The embodiments in this disclosure describe methods of forming a cap layer over a patterned layer, wherein the thickness, tS, of the capping material deposited along the sidewall of a feature (e.g., a line) in the patterned layer is a function of a vertical distance from a reference flat top surface of the patterned feature. The vertical distance is referred to as depth, d, and the deposition method is referred to as a depth-dependent deposition, or DDD process. One advantage provided by the DDD process is that the depth-dependence of tS may be used to adjust the slope of the sidewalls of patterned features. (Parameters d and tS are illustrated in FIG. 4B.) For example, consider a patterned layer wherein the sidewalls of a line form acute angles with the base. If, subsequently, a cap layer is formed having a progressively decreasing thickness from top to bottom along the sidewalls then the sidewall slope of the respective feature of the combined cap layer and patterned layer would be more vertical relative to the sidewall of the respective uncapped feature.

The DDD process may be useful for adjusting the sidewall slopes of patterned features in some applications where it is desirable for the patterned layer to have features with vertical sidewalls. The sidewall slope is typically characterized by a sidewall angle, θ, defined as the angle formed by the sidewall and the base of a patterned line. Accordingly, θ=90° for a vertical sidewall, θ<90° for tapered sidewalls, and θ>90° for a reentrant sidewall profile. In the embodiments in this disclosure, the cap layer thickness on the sidewalls, tS, is a decreasing function of d, or the function tS=tS(d) is decreasing with increasing d. The cap layer is thickest at the top (d=0 nm), and tS(o) is roughly the same as a target thickness, tT, of the capping material deposited over the reference flat top surface. A DDD process may be used to adjust θ upwards. For example, for tapered sidewalls, the top of a line in a patterned layer is narrower than the respective base. Thus, the sidewall may be adjusted towards the vertical by forming a cap over the pattern using a DDD process whereby the cap layer on the sidewall is formed thicker towards the top relative to the base.

One application where vertical sidewalls of a patterned layer may be preferred is the spacer-etch mandrel pull (SEMP) process module used in a double (or multiple) patterning process flow, commonly referred to as the sidewall image transfer (SIT) technique. As known to persons skilled in the art, a process flow used to implement the SIT technique comprises forming spacers selectively along sidewalls of a patterned layer. In this disclosure, the DDD process has been applied to alter the shape of the sidewalls prior to forming the sidewall spacers. The terms spacer and sidewall spacer may refer to the same structure in this document.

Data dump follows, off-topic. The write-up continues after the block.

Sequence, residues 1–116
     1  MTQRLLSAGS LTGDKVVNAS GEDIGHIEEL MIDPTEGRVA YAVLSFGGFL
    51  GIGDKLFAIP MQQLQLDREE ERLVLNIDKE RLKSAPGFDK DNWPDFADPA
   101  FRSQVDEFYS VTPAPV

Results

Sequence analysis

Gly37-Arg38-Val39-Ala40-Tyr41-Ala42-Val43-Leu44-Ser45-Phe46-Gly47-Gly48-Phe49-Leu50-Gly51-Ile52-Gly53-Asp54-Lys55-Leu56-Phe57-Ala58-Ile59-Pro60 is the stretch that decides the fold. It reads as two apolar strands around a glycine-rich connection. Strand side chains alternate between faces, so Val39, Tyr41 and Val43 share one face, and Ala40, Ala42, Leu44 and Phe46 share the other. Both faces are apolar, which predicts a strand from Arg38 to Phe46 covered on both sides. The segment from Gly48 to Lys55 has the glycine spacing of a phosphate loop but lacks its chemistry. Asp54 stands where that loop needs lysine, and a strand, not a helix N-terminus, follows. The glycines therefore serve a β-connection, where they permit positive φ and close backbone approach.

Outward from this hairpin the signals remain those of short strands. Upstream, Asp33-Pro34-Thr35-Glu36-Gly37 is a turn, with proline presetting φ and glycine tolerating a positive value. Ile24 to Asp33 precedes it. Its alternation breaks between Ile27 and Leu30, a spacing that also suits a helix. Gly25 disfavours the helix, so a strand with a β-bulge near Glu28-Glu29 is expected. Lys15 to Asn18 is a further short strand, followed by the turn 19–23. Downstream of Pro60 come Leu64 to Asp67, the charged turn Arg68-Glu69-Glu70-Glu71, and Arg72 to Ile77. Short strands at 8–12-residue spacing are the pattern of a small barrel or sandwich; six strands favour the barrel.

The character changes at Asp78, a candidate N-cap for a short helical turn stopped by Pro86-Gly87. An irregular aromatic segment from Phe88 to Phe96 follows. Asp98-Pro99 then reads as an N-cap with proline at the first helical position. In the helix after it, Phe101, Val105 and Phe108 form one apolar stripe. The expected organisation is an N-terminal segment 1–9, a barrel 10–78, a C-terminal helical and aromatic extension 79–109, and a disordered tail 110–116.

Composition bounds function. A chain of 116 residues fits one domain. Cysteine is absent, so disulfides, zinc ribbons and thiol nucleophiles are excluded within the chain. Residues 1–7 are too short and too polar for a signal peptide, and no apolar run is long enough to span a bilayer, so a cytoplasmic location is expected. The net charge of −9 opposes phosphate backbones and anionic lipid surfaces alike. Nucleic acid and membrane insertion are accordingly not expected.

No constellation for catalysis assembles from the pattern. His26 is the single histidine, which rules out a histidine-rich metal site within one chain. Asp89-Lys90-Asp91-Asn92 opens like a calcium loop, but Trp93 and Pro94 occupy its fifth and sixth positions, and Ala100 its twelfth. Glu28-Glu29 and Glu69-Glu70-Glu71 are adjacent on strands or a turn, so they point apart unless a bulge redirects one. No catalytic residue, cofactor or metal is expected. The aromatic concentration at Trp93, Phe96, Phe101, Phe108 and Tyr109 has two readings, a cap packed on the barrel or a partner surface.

The DDD process is described in this disclosure in the context of its application in the SEMP process module, where the DDD process is used to help provide near-vertical spacers for an SIT process. As known to persons skilled in the art, a double patterning process is a process whereby features may be patterned at half the pitch corresponding to the resolution limit of the photolithography system. In the SIT technique, a sacrificial mandrel layer is patterned at the resolution limit for pitch and sidewall spacers are formed around the mandrel lines. The patterned masking layer comprising lines at half the pitch of the resolution limit for the lithography are formed by the sidewall spacers that remain after a mandrel pull process. Generally, the mandrel pattern comprises long lines. An appropriate self-aligned spacer process may be used to form spacers along each side of the mandrel line. After the sacrificial mandrels are selectively removed, a sub-resolution half-pitch pattern of spacers remain on the substrate, and may subsequently be used as an etch mask to transfer the sub-resolution pattern to a target layer in the substrate below, thereby forming a half-pitch patterned layer comprising the target material.

FIG. 1 illustrates a flow diagram for an SEMP process module 10. As indicated in block 15, the incoming wafer has a patterned mandrel layer comprising, for example, lines patterned over a surface of a semiconductor substrate with a pitch at the resolution limit of the lithography. In this disclosure, the patterned mandrel layer of all the incoming wafers of the example SEMP process modules are assumed to have mandrel lines formed with tapered sidewalls (θ<90°). However, in some cases, the final spacer will tilt in after mandrel removal, possibly due to film stress or some other integration effect. In such cases, the ordinarily vertical mandrel (θ=90°) may require an additional top-preferential, cap deposition to form spacers with a reentrant profile (θ>90°) to compensate for the spacer tilt after mandrel removal.